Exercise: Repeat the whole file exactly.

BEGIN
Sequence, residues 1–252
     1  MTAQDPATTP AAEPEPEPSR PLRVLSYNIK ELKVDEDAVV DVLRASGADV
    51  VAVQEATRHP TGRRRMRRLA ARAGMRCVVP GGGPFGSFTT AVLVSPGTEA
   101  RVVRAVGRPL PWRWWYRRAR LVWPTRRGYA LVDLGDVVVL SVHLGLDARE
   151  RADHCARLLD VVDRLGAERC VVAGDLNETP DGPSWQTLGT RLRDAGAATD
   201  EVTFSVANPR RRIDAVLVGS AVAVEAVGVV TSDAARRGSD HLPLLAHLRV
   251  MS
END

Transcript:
Sequence, residues 1–252
     1  MTAQDPATTP AAEPEPEPSR PLRVLSYNIK ELKVDEDAVV DVLRASGADV
    51  VAVQEATRHP TGRRRMRRLA ARAGMRCVVP GGGPFGSFTT AVLVSPGTEA
   101  RVVRAVGRPL PWRWWYRRAR LVWPTRRGYA LVDLGDVVVL SVHLGLDARE
   151  RADHCARLLD VVDRLGAERC VVAGDLNETP DGPSWQTLGT RLRDAGAATD
   201  EVTFSVANPR RRIDAVLVGS AVAVEAVGVV TSDAARRGSD HLPLLAHLRV
   251  MS